Now, if your player wants to make some skill checks to undercut the value of the goblin made weapons, that would be RAW. At that point however, I'm going to be asking why the player is actively trying to undercut the income of the party.

My group had a good laugh about a masterwork horsechopper. But like everyone has said, it's a game term and means what it means. If you need justification, a stopped clock is right twice a day, some goblin weaponmaker just got lucky.

The idea of goblin masterwork bugged me enough that I swapped in captured halfling and gnome made stuff, just to head off the weirdness.

Swapping in other weapons, that's a good way to do it. If a MW horsechopper doesn't make sense.

so.. i can't see why a goblin can't craft a finely balanced weapon. is balance an off topic for them?

if you told me it had runes inscribed i might had issues with it. but a weapon being a better grade?
come on! it might be made from leftover scrap metal found from whatever the Sandpoint citizens dropped of the cliff, but some of that stuff is actually really good working materials. and i can see a family of goblins handing out the same weapon while each generation chip it off a bit more to make it better balanced for a small humanoid with bendy legs and low arms strength. to think that you are the only race that can appreciate a good artistic item is kinda snobbish.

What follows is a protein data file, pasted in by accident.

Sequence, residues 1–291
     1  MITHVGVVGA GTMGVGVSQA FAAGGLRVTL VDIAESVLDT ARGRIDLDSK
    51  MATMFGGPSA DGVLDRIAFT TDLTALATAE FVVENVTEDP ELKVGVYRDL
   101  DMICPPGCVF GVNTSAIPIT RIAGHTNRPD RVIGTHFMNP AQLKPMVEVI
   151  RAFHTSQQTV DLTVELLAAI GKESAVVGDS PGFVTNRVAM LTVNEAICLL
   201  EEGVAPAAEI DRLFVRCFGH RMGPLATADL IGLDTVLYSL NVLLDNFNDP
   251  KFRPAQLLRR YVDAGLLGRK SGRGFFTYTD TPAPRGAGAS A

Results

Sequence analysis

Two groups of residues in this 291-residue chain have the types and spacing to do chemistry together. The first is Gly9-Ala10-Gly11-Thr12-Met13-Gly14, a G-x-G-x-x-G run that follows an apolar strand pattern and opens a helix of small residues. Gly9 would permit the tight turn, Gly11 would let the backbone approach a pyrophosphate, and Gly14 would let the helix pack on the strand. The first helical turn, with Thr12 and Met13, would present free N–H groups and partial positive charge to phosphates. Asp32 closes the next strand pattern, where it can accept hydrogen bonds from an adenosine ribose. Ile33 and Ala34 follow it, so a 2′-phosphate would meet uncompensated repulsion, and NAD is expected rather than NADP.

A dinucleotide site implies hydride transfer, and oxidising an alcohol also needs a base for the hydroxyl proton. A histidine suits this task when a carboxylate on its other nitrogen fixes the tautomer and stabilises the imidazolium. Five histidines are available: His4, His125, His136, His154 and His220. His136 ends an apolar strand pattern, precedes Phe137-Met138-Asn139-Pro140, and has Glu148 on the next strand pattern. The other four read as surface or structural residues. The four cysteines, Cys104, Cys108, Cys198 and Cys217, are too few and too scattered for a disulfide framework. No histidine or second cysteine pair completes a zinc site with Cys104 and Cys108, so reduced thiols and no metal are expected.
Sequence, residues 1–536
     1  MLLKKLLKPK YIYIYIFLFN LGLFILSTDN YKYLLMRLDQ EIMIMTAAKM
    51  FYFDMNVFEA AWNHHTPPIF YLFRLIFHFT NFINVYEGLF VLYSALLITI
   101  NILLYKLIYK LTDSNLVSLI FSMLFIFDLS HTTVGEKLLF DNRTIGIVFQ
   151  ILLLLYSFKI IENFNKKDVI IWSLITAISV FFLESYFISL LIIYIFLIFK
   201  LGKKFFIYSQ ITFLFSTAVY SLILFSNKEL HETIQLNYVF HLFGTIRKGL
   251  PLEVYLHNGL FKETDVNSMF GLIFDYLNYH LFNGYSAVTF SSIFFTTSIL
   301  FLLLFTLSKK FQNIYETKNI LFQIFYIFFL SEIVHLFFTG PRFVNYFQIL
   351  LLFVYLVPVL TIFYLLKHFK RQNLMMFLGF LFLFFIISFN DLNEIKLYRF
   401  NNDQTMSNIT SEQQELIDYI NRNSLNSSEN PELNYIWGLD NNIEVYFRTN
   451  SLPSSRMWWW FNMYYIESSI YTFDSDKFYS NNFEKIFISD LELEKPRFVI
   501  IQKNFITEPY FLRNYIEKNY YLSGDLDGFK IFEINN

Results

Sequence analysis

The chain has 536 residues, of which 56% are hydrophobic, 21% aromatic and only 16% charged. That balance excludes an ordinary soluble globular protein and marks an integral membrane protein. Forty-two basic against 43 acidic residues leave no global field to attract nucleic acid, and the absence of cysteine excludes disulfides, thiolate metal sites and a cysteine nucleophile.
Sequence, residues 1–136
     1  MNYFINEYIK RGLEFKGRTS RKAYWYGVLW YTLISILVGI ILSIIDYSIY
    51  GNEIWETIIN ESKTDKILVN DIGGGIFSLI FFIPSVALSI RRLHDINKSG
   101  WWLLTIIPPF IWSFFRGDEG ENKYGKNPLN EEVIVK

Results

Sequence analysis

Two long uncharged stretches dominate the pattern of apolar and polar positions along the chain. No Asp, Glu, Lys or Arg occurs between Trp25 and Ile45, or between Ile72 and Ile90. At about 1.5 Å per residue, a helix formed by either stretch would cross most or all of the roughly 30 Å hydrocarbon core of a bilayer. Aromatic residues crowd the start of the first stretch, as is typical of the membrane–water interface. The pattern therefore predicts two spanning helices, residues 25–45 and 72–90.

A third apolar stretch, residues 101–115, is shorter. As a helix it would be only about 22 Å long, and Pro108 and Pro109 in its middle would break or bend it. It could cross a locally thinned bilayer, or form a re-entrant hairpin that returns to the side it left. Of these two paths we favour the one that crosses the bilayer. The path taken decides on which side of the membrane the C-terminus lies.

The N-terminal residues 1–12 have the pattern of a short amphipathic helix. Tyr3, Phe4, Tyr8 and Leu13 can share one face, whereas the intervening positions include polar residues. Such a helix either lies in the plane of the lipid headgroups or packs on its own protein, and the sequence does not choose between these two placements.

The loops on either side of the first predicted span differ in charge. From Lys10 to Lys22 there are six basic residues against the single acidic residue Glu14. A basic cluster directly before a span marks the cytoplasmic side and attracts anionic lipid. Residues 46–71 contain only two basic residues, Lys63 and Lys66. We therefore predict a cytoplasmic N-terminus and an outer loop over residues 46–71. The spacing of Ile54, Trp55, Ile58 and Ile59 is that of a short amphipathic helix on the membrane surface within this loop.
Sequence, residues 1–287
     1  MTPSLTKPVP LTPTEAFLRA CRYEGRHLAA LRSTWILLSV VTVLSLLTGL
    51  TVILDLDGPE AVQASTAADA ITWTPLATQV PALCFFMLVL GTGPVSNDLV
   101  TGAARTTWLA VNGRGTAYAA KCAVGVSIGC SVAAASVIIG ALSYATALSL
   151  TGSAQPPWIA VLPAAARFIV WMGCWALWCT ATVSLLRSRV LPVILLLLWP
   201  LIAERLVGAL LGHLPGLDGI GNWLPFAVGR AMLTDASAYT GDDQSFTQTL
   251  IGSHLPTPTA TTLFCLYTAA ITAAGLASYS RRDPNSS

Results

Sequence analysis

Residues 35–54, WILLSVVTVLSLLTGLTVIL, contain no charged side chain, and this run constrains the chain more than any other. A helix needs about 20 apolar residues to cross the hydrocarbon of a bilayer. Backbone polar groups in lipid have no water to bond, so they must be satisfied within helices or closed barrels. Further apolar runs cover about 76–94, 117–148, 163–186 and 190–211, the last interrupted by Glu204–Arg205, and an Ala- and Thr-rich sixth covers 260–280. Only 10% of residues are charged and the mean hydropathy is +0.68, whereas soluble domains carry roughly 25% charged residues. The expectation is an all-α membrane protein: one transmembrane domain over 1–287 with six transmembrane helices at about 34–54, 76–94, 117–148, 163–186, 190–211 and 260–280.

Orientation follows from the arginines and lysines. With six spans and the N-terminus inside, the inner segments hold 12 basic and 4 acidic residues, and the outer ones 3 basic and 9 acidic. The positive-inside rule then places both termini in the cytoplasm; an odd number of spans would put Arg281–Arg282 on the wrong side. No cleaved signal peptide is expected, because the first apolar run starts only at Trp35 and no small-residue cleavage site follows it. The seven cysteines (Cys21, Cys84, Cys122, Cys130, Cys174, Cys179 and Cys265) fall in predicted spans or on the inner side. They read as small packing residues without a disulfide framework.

Reksew_Trebla wrote:
Due to early ages of dying, children used to be proficient in trade work as early as possible, which means some of our ancestors made masterwork weapons before or just at hitting puberty. Is it really a stretch for goblins, in a world where it is possible to kill Godzilla Mogaru with a NON-masterwork longsword, to do the same? Get your heads out of your butts people.

No need to get aggressive, we can all enjoy the game in the manner that fits our groove.

Liberty's Edge

The goblin can produce masterwork items.

They can even remove some weapon drawback that way:

Advanced Race Guide wrote:
Dogslicer: This short, curved sword is a favorite weapon of goblins, who show unusual cunning by drilling numerous holes in the blade to reduce the weapon’s weight. Masterwork versions of a dogslicer lose the fragile special weapon ability.

For the sake of verisimilitude, when reselling loot I generally apply a modifier to the sale price based on the ease of finding interested buyers.

So selling the small masterwork horsechopper to a merchant would net less money than selling a common masterwork weapon, as few people will be interested in using a goblin weapon (it is not fashionable). On the other hand, spending some time (and role-playing) finding some rich bourgeois or noble that want to boast to have killed a goblin champion can net more money than selling to a weapon merchant.
But those are houserules that my players are comfortable with, not official rules.

Thanks, yeah that was kind of my take on it. I have no problem with the flavour arguments he was making, and can see where he's coming from, my issue was that I don't think he has a leg to stand on when making the claim that my interpretation of the RAW was wrong. Masterwork seemed to be pretty clearcut in what it entailed.